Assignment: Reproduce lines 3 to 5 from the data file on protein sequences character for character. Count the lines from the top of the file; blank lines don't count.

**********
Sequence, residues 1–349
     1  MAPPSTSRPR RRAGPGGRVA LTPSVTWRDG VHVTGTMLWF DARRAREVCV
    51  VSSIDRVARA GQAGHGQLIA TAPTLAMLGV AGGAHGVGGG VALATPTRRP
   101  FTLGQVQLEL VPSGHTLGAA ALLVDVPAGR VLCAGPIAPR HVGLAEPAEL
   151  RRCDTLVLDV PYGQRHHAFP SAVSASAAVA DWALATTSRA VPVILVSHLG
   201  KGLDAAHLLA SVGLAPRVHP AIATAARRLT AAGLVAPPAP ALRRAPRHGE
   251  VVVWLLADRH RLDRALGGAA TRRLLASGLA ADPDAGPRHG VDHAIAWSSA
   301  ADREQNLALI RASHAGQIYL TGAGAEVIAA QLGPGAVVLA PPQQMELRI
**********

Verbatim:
    51  VSSIDRVARA GQAGHGQLIA TAPTLAMLGV AGGAHGVGGG VALATPTRRP
   101  FTLGQVQLEL VPSGHTLGAA ALLVDVPAGR VLCAGPIAPR HVGLAEPAEL
   151  RRCDTLVLDV PYGQRHHAFP SAVSASAAVA DWALATTSRA VPVILVSHLG